"Like most laughably cruel tricks of the justice system, you probably wouldn't know that you could be arrested for carrying condoms until it happened to you." Molly Crabapple at VICE reporting on the insanity that is New York City's practice of arresting people on suspicion of prostitution if a search reveals that they are carrying even a single condom. I know I have spent too many years hanging out with epidemiologists, but even so, you have to be fucking kidding me, right? Because condoms are a lot cheaper than looking for miracle cures.

Speaking of which, Sarah Boseley at the Guardian puts into context the functional cure of an HIV-positive Mississippi infant (whose mother had not received standard preventative prenatal care). (Via Irin Carmon.)

While we're at it of issues of prevention versus miracle cures, this is my nomination for Most Depressing Story of the Week (a category which, yes, included the amped-up climate change hockey stick news): Maryn McKenna at Wired covering the CDC's Tuesday press conference on the nationwide spread of very drug-resistant bacteria in hospitals, rehab units, and nursing homes. "The underlying risk here is that effectively untreatable CRE [a category that includes E. coli] will spread out from hospitals and into the wider world, where it will become vastly more common and much harder to detect."

At Scientific American, blogger Dr. Judy Stone writes trenchantly about the "cultural issues driving the emergence of resistance, especially in the U.S." (Via Maryn McKenna.)

"In the spirit of the Bechdel test, a metric that cartoonist and author Alison Bechdel created to measure gender bias in film, I'd like to propose a Finkebeiner [sic] test for stories about women in science." Christie Aschwanden at Double X Science. (Via Deborah Blum.)

"As areas get built up, they'll affect people more, just like any other natural process that people manage to accelerate." At SciAm blogs, Dana Hunter explains the science behind the nightmarish death last week of a Florida man whose bedroom was swallowed by a sinkhole without warning. (Via Anne Jefferson.)

"These manmade moons made the ultimate promise to the people below them: that they would never again be in the dark." Wonderful piece by Megan Garber at The Atlantic about the strange prehistory of streetlights. (Via Ta-Nehisi Coates.)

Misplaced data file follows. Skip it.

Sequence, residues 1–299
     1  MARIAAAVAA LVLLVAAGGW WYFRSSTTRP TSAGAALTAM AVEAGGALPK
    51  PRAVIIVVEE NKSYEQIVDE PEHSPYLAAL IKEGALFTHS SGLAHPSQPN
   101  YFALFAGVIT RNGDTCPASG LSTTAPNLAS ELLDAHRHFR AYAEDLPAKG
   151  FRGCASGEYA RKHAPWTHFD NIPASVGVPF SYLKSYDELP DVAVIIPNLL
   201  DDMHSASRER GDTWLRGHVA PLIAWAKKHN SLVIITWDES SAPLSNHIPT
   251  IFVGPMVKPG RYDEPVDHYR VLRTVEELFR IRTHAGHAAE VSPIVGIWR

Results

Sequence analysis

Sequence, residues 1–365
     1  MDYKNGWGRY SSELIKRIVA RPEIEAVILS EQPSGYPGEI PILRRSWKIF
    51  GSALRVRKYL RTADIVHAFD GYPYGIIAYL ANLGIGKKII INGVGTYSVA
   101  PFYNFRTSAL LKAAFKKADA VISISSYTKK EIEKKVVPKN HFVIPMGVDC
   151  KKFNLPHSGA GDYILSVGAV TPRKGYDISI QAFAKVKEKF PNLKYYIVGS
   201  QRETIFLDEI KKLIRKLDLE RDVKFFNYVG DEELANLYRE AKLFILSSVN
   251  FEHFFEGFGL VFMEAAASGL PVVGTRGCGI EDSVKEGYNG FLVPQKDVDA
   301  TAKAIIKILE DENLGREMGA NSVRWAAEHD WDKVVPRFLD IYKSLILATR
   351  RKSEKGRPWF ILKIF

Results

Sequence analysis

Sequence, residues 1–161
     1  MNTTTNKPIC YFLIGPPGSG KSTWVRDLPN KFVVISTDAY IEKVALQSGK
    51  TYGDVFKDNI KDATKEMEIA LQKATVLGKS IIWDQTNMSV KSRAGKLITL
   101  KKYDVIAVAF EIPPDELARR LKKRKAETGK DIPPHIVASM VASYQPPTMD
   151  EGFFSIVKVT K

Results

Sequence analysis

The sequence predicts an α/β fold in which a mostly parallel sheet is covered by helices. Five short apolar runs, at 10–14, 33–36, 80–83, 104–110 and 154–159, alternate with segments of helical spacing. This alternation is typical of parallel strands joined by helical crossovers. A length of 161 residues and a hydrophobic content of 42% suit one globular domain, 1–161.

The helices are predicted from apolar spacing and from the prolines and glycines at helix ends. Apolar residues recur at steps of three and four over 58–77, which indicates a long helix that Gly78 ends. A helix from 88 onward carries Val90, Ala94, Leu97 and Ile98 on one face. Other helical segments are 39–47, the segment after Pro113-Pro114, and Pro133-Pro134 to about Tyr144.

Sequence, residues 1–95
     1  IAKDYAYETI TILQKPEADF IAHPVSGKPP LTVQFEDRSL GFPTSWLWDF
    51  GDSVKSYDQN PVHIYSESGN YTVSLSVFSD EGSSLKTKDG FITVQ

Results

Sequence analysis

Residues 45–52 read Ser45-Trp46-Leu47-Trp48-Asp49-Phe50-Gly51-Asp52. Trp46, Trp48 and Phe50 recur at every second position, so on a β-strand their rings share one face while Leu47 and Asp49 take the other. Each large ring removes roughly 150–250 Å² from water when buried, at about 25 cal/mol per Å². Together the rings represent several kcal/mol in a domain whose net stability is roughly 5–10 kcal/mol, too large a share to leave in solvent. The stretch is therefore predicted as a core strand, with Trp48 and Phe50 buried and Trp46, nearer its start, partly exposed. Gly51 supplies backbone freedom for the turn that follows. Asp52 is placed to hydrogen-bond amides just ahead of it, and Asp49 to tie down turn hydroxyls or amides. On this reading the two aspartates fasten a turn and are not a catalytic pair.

I haven't been on my own bike in approximately a gazillion years, but, because I have fond memories of a short bike/camping trip from Cambridge (MA) to Portland (ME) back in my marginally more wild youth, here is Edith Zimmerman's interview at The Hairpin with Megan Bernard, who spent 12 days biking from Eugene to San Francisco.

"Parker let the discomfort show on her face as she imitated Armstrong's uneven drumming. She nodded subtly to assure perplexed members of the deaf audience that she was doing this on purpose." Here is a sort of SXSW-related story that will not make you want to swear off the internets forever! At Texas Monthly, Kathryn Jepsen profiles Austin's Barbie Parker, who founded a company that provides ASL interpretation with a twist at musical performances.

"Suddenly you are borne into the sky on words and stories, those human wings, up there with a thousand ice bats and a kindhearted monster and a stoner cow and a solid column of volcanic smoke, seamed with brilliant flame." Kathryn Schulz reviews Anne Carson's new book at Vulture.

At Jezebel, Elisabeth Rappe contrasts the sexism of the new Oz movie with the Oz books, whose protagonists are almost all girls, thanks to L Frank Baum's personal ties to the suffragette and women's rights movement. (Via Rachel Hartman.)

At Bitch Media, Lisa Hix writes about Brooklyn filmmaker Samantha Knowles, whose documentary "Why Do You Have Black Dolls?" sets out to answer the question posed to her by a childhood friend. Fascinating cultural history; the full article was originally published at Collectors Weekly. (Via Cory Ellen.)

Vela magazine, which focuses on travel writing, has a "Women We Read This Week" post on their blog, if you're looking for something more to flesh out this week's thin buffet.

"I got real quiet, and I listened, while he told me about the nuns at his elementary school. This is a school in the northern region of Argentina, which is subtropical jungle. And my family has lived in or near for thousands of years." From a February speech at Swarthmore, Aura Bogado makes deeply personal connections between colonialism, debt, and climate change.

Finally, VIDA released its gender-parity count for 2012 this week. It's pretty dismal. But, well, you know. I found plenty to read by women this year anyway. I hope you did, too.